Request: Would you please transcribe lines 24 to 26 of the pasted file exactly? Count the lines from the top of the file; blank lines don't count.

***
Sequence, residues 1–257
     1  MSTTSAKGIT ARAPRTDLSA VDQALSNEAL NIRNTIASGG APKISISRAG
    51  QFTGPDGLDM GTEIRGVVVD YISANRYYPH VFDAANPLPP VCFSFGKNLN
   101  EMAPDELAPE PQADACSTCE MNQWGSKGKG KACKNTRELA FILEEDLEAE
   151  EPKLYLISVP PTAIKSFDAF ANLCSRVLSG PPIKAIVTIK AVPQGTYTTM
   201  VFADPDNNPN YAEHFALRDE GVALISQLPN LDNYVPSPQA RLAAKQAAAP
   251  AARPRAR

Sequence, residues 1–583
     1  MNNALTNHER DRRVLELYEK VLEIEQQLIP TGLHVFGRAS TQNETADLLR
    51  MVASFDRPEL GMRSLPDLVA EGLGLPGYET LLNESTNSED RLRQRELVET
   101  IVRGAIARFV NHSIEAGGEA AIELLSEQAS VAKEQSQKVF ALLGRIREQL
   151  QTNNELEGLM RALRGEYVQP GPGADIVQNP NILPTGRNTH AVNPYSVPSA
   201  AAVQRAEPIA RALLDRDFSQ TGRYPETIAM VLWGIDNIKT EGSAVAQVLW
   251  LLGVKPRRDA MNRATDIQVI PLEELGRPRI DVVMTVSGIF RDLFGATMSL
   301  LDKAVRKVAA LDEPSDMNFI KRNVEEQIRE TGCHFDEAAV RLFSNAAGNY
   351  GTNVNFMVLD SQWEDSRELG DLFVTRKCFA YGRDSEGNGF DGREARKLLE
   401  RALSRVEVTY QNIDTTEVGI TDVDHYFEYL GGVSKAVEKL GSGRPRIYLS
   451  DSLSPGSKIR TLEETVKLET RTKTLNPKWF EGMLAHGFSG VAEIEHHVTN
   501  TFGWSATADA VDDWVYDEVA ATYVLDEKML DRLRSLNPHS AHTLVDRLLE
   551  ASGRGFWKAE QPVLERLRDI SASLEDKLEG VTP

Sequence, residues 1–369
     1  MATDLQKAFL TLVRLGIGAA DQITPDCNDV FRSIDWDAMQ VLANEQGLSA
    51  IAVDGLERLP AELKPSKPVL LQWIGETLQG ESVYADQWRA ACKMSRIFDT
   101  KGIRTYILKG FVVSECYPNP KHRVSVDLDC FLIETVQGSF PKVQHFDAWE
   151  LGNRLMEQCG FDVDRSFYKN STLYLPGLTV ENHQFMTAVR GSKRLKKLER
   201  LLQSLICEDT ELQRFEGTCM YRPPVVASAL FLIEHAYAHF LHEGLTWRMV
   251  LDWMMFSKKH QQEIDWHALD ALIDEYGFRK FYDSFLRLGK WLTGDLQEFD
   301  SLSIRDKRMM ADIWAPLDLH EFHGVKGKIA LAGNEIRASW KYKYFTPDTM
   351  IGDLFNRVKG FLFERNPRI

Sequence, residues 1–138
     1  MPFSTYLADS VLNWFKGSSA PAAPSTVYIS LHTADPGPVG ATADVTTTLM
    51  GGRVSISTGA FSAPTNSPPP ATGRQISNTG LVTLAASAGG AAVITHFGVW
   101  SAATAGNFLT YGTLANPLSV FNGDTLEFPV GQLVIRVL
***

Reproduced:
   101  KGIRTYILKG FVVSECYPNP KHRVSVDLDC FLIETVQGSF PKVQHFDAWE
   151  LGNRLMEQCG FDVDRSFYKN STLYLPGLTV ENHQFMTAVR GSKRLKKLER
   201  LLQSLICEDT ELQRFEGTCM YRPPVVASAL FLIEHAYAHF LHEGLTWRMV